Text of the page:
The term "diversity" is used broadly to refer to the many demographics, including but not limited to, race, color, religion, gender, nationality, sexual orientation, disability, age, education, and skills. America's diversity has given this country our unique strength, resilience, and richness, within the workplace. My objective is to analyze and present information relating to how organizations operate, perform, and communicate in today's diverse workforce conditions. I will concentrate on the culture of Mexicans, exploring why they are the way they are, and how to best manage their strengths and alleviate their weaknesses.
A significant concentration of US corporations are working to build a successful diverse organization. But just what does it take to be successful? A diverse workforce is achievable if businesses are willing to examine and initiate changes in organizational structure. Upper management is responsible for beginning the process by supporting and committing to the concept of a diversity-driven workforce, overseeing a program that includes an assessment of existing policies and practices. With organizational goals in mind, systems currently in place that do not promote inclusion should be replaced. This process includes a look at the distribution of work assignments, how employees and candidates are evaluated, the basis for promotions, the composition of work teams, and behavior receiving special attention. The objective should be to create a model of inclusion that enables the workforce to become more productive and the organization more efficient and competitive (Arthur, 1998).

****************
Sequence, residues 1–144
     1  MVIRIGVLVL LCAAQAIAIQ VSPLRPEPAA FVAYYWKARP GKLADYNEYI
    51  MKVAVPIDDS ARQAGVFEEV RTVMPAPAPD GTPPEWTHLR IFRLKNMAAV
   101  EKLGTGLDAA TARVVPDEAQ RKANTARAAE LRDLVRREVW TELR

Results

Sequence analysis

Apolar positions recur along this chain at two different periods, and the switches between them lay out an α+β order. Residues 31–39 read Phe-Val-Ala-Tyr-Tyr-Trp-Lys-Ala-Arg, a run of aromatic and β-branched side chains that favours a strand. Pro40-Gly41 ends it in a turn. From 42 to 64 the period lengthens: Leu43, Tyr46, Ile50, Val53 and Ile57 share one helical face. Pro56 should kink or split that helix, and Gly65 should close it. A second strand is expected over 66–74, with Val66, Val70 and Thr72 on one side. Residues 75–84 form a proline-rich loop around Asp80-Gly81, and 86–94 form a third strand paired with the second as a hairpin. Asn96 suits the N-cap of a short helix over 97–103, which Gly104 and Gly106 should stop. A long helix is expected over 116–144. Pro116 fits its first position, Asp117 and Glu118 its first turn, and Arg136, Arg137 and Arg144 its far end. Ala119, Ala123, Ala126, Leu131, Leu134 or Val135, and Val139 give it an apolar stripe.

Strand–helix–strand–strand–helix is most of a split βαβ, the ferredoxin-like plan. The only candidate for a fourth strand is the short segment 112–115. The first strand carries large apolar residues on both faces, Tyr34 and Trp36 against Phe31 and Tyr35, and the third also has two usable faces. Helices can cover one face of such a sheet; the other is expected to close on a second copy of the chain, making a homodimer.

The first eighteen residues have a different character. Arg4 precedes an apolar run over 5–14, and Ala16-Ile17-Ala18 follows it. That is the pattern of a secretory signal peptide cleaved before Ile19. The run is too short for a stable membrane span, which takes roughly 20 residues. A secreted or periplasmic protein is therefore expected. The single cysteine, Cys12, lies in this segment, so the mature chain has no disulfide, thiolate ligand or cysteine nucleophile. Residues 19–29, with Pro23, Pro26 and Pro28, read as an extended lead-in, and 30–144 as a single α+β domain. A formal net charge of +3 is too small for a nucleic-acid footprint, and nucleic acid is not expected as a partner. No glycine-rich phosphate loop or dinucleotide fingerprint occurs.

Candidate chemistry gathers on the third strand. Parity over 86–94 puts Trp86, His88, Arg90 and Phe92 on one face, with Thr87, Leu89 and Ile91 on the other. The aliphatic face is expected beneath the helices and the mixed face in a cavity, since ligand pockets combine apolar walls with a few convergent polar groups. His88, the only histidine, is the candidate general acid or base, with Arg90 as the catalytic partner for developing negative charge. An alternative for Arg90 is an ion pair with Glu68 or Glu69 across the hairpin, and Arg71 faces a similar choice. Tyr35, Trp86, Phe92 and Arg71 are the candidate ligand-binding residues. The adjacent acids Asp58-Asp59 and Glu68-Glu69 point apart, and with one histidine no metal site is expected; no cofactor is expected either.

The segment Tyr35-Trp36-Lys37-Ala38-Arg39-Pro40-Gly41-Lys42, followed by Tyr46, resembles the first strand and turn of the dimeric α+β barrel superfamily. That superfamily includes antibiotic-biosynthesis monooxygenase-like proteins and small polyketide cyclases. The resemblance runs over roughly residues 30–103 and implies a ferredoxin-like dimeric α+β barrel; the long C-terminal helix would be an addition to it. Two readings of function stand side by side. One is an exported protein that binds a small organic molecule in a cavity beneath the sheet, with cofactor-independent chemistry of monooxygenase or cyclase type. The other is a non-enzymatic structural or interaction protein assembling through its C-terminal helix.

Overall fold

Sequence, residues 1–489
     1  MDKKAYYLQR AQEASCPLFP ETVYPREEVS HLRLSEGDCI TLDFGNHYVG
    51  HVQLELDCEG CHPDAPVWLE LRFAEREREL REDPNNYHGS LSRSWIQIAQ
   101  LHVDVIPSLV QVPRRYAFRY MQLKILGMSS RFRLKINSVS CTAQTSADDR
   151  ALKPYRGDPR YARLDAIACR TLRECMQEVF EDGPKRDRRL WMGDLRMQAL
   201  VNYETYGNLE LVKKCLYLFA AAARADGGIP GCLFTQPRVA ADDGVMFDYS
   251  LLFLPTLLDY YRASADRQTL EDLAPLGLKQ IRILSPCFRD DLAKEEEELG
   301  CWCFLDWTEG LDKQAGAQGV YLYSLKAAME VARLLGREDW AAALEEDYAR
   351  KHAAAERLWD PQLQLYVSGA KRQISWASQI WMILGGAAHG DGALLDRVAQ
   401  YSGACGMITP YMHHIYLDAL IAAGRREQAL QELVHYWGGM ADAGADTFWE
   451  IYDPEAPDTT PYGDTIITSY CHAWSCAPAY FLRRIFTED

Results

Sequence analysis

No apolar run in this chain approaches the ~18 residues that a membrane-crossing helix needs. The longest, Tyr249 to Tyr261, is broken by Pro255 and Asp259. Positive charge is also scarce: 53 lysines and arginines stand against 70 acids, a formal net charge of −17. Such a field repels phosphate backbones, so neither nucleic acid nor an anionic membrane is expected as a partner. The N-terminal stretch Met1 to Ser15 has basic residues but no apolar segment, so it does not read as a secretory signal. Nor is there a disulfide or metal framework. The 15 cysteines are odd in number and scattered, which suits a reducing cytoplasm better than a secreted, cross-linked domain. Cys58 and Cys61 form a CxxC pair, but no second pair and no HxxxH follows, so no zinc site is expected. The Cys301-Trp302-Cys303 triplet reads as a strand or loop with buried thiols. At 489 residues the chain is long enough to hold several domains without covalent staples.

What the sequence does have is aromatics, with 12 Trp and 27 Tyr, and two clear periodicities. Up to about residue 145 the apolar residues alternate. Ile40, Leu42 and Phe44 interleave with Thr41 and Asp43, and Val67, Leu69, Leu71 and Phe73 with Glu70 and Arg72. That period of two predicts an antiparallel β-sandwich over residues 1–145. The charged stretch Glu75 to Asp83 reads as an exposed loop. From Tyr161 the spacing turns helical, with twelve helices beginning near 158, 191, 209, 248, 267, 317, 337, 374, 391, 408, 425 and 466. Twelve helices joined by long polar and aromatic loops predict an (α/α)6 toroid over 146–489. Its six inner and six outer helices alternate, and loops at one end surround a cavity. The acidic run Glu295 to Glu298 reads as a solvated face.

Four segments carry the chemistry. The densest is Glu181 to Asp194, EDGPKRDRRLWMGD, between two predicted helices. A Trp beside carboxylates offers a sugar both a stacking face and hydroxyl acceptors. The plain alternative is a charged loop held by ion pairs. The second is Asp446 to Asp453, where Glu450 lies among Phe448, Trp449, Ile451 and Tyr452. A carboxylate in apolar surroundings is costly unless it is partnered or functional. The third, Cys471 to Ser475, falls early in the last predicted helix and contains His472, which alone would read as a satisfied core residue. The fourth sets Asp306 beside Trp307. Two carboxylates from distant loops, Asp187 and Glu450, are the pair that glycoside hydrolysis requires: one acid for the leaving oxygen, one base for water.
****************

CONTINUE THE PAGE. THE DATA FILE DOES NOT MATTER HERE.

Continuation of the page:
There are many advantages to seeking a diverse workforce. Employers are able to select from a larger labor pool, improving their chances of finding outstanding candidates. Employees will appreciate the multicultural environment provided and are likely to be more motivated and have a better attitude, resulting in higher productivity.